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Thanks everyone for your input!

In the end I decided to abandon the idea of playing the catenaccio, after 4 draws and 8 defeats to start the season I realised it was time to give up.

I would not say that it was completely pointless despite the poor results though, three of the draws came against very respectable opposition in Inter, Napoli and Fiorentina and we did largely succeed in eliminating nearly all clear cut goalscoring opportunities for the opposition, unfortunately we left ourselves very vulnerable to long shots in the process which was our undoing. We were playing so low that even the oppositions centre backs would find themselves in long shot opportunities at times!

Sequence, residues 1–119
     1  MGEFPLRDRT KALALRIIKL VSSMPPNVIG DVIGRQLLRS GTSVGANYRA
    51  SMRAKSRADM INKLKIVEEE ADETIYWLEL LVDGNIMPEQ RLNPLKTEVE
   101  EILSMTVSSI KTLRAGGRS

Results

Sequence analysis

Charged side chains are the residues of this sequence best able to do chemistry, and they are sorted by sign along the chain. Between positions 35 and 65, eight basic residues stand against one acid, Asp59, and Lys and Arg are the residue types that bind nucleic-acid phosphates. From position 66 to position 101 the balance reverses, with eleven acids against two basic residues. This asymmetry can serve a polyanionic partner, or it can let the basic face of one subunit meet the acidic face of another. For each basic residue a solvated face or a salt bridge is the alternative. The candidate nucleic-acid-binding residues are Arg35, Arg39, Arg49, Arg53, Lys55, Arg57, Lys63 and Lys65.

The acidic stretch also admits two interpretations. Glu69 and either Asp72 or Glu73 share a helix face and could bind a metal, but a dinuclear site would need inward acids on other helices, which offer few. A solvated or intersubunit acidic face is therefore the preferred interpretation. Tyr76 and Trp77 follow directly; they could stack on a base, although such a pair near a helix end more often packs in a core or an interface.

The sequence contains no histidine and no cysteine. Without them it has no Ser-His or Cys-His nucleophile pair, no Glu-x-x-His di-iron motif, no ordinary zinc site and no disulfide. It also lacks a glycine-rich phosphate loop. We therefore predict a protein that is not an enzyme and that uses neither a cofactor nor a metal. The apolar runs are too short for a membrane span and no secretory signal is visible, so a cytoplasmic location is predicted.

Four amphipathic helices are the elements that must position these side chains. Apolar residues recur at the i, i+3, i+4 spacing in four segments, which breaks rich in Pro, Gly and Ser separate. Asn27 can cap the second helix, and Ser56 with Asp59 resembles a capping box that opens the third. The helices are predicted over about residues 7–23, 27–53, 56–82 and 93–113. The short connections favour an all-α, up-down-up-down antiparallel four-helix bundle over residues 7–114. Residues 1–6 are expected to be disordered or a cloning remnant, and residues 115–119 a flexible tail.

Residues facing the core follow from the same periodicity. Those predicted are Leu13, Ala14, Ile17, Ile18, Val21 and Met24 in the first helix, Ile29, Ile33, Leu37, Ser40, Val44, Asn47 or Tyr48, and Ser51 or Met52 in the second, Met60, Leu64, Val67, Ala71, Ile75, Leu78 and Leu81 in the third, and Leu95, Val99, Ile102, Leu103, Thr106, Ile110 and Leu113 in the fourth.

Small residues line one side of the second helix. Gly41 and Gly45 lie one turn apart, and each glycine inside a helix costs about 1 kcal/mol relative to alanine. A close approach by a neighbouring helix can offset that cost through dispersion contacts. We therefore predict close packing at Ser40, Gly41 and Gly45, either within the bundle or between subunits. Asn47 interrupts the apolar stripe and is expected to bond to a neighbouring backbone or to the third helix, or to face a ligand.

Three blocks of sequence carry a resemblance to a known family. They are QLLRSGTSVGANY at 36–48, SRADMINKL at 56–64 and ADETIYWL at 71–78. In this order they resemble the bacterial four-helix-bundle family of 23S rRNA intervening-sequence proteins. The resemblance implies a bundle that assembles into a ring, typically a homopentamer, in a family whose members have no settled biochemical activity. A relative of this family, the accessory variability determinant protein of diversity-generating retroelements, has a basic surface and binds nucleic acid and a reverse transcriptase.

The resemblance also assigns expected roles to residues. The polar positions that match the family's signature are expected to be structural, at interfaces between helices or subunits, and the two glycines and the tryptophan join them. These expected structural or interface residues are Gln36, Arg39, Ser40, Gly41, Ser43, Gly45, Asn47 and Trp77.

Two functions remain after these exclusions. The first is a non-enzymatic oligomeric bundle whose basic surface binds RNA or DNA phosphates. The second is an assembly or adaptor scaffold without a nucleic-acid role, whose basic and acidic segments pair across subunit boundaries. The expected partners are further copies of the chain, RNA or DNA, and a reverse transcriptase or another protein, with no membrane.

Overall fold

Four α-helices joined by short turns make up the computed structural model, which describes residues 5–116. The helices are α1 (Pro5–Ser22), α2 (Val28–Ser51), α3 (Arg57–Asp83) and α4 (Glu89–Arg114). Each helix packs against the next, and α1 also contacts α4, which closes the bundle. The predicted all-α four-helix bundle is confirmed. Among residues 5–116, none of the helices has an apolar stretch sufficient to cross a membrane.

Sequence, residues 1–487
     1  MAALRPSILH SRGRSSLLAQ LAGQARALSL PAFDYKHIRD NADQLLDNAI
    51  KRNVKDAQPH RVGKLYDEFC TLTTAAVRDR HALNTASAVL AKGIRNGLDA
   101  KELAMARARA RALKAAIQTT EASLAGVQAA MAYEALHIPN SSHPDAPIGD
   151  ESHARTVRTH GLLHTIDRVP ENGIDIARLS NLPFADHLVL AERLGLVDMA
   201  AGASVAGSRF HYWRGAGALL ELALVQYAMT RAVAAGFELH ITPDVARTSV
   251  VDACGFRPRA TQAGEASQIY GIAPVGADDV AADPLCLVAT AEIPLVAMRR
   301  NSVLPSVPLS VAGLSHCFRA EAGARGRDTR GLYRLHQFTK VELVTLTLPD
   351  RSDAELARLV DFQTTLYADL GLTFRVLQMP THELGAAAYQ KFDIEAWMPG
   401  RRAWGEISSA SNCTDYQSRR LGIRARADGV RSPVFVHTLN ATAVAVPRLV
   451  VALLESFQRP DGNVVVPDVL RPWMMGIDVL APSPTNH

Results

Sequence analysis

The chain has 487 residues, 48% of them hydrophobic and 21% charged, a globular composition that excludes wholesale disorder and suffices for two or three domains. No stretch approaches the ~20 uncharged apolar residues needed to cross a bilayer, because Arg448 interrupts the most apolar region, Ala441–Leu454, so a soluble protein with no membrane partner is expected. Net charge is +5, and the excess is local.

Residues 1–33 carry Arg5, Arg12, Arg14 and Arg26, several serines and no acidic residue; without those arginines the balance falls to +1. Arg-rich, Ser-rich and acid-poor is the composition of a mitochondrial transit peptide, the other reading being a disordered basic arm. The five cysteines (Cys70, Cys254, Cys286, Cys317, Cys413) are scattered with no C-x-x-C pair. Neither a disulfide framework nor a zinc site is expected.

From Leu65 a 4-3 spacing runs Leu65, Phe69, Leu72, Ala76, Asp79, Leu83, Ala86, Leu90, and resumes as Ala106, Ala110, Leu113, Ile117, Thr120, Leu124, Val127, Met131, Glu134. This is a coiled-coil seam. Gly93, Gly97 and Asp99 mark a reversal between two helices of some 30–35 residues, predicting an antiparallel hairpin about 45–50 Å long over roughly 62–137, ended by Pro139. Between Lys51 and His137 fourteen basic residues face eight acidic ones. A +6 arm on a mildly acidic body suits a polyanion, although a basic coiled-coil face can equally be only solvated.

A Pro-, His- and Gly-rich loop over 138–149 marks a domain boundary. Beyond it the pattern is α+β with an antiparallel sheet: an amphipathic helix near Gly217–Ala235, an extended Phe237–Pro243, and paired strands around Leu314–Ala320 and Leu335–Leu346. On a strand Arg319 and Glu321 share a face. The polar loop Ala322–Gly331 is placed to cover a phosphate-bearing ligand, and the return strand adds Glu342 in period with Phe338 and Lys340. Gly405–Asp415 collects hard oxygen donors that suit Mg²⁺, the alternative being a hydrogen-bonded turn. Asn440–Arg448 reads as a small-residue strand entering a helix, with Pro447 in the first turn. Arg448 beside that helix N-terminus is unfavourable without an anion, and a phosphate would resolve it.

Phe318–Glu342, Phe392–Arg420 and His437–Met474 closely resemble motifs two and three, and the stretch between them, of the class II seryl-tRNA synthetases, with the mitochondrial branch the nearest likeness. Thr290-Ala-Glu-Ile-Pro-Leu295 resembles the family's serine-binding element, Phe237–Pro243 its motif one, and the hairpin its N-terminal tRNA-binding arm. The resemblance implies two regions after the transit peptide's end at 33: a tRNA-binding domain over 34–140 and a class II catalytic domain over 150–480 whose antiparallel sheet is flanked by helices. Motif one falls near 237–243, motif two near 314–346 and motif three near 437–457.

Overall it was an interesting experiment and I feel I learnt from it and I definitely feel that someone more persistent than I might make it work, especially in a slightly lower-tier league than Serie A where the average midfielder is not as dangerous from distance.


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Good luck mate! Don't give up, just keep tweaking if you can. The Catennaccio is a tricky beast, and the default TIs from it are effective defensively but not going forward. It's worth remembering that Herrera's Inter had a plan going forward too, it wasn't simply all defending.